The Simon Wiesenthal Center’s Campus Outreach division hosted a two-day conference, Emergent Legal Strategies, Title VI, and Campus Anti-Semitism, with students, faculty, and litigators where the future of legal strategies to fighting the growing, unchecked problem of anti-Semitism on college and university campuses was addresses.
“Free speech is the DNA of the United States of America,” said Rabbi Ari Hier, Campus Outreach Director. “On campuses particularly, however, free speech has become the excuse behind which haters hide to demonize Israel and make it very difficult for students to identify with the state inside and outside the classroom. The love of Israel is an undeniably essential component of Jewish identity – at least for the vast majority of Jews on this planet. But that’s not something you want to express if you want to get a good grade in your classes or simply walk through the quad without instigating abevy of hateful looks, smirks, and comments, “ he added.
Photo: Tammi Benjamin, Kenneth Marcus and Joel Siegel
Speaking about recent events, Hier told the gathering that, “The system is being hijacked. What used to be fair political debate has morphed into a new, unrelenting form of anti-Semitism. Under the banner of free speech, Jewish students get insulted, stalked, even attacked sometimes. They witness the Israel being slurred and delegitimized, Jewish students are quite frankly running for cover in the hostile environment that the university breeds against anyone who identifies positively with the state of Israel. Administrators are at a loss for a solution. It seems that free speech takes all – even when it is pervasive and hateful? No one has figured out how to adjudicate on this fine lines issue: the fine lines between free speech and hate speech, and the fine line between fair political criticism of Israel and anti-Semitic, demonizing, delegitimizing, double-standard-applying Israel hatred. This new anti-Semitism has grown sounchecked that some students have taken the matter into their own hand and have come to the courts.”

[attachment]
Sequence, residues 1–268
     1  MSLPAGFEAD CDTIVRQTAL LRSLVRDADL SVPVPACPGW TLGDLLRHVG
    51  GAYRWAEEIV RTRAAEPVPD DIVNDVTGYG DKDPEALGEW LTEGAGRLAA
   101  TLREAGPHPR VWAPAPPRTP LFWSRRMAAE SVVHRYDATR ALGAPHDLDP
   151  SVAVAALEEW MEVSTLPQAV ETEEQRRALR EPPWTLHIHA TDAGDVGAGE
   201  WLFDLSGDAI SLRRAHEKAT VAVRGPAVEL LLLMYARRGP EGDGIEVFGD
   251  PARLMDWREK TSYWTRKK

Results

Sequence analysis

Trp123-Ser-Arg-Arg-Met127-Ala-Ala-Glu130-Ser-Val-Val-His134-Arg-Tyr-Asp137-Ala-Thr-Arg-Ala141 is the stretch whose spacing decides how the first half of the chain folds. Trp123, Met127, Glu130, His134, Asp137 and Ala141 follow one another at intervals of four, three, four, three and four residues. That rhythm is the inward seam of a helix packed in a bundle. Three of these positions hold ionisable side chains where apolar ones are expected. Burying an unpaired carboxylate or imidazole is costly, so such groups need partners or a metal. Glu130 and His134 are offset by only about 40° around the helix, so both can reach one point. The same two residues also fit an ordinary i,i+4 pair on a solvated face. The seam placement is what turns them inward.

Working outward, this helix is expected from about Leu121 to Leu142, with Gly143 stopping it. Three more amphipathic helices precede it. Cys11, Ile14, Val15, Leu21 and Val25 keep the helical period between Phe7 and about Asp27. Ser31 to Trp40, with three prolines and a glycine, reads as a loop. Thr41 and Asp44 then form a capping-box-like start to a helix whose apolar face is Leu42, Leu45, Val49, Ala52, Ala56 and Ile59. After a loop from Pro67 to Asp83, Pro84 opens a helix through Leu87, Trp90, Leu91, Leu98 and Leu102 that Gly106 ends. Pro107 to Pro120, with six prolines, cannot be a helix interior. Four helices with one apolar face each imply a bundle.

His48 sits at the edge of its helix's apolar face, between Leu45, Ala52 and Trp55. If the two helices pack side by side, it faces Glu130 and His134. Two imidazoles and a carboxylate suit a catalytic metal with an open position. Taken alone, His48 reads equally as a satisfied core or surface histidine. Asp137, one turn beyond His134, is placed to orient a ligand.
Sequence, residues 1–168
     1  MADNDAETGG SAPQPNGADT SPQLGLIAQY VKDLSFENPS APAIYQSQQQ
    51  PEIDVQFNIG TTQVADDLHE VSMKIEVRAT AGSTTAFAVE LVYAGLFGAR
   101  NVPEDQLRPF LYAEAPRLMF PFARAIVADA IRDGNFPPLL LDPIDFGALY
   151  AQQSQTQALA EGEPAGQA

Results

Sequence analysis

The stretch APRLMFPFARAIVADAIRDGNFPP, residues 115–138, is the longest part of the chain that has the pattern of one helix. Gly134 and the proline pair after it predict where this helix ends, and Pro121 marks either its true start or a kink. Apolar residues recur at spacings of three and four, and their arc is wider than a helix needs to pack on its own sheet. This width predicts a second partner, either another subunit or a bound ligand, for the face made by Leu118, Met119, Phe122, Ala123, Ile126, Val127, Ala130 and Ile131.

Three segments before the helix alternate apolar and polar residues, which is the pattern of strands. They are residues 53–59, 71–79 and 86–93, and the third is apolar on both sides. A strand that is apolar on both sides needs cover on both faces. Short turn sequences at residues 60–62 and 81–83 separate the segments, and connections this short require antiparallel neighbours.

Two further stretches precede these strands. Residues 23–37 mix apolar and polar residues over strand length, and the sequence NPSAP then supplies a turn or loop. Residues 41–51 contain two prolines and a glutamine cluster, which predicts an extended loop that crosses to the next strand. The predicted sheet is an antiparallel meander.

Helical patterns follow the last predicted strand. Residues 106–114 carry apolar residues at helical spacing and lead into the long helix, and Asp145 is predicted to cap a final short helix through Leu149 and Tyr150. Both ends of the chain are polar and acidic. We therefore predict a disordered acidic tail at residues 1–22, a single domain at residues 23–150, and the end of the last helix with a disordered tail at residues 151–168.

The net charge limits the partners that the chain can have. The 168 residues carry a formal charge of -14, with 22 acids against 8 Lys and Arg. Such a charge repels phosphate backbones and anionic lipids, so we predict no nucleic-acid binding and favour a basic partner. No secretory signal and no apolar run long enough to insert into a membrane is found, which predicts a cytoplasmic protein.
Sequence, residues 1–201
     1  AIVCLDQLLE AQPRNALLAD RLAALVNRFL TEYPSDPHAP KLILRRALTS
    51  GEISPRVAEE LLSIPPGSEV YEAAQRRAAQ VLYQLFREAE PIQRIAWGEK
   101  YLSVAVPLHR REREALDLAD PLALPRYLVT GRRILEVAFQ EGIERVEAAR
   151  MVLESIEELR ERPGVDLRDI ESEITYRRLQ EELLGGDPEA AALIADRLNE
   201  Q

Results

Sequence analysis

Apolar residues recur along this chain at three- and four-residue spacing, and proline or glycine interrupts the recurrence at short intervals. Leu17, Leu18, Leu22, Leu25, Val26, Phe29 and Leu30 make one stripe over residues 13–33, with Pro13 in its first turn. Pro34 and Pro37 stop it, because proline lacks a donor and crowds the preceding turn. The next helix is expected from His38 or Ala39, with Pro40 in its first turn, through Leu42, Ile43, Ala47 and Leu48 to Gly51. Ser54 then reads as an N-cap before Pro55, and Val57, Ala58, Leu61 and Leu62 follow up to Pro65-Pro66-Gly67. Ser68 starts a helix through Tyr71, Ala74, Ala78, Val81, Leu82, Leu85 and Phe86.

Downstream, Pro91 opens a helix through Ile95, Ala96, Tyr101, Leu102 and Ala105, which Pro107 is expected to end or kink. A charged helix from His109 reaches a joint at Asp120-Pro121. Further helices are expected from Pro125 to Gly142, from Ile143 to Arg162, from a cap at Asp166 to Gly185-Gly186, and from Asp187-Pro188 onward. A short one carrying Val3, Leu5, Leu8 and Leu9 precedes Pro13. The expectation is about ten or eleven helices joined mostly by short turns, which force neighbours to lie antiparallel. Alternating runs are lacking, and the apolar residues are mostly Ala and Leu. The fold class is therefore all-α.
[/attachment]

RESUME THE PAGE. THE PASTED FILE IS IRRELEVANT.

Jessica Felber, (pictured below far laft with Aryeh Weinberg, Aryeh Zeidman and Rabbi Abraham Cooper), who participated in the conference and shared her story, was a student at UC Berkeley from 2007 to 2010. During that time, Berkeley administrators did not hear her out and did not take substantial measures to prevent the growing hatred against the members of her student group, Tikvah: Students for Israel at UC Berkley. The students were told by a high ranking UC Berkeley administrator: “If someone walks behind you all day calling you a dirty Jew, there’s nothing we can do about it. It’s free speech.” One day, Jessica got rammed by a shopping cart sent her way by a Palestinian student, while she was holding a sign saying “Israel Wants Peace.” Jessica took the university to court in light of the environment which she thought was not equally open to Jewish students.
At several schools, professors have been identified who use their universities’ websites to put up link that connect to efforts to boycott the state of Israel. Despite their very own policies that prevent the use of resources for boycott and politicization, the universities have been responding to complaints that such conducts are protected free speech.
Studies have been conducted that confirm this growing trend of campus anti-Semitism (see ALONE ON THE QUAD: Understanding Jewish Student Isolation on Campus and FACING THE CHARGE OF RACISM: New Research on Jewish Student Identity).
Fore more information, contact the Center’s Campus Outreach Department, 310-553-9036, join the Center on Facebook, www.facebook.com/simonwiesenthalcenter, or follow @simonwiesenthal for news updates sent direct to your Twitter page or mobile device.
The Simon Wiesenthal Center is one of the largest international Jewish human rights organizations with over 400.000 members. It is an NGO at international agencies including the United Nations, UNESCO, the OSCE, the Council of Europe, the OAS and the Latin American Parliament.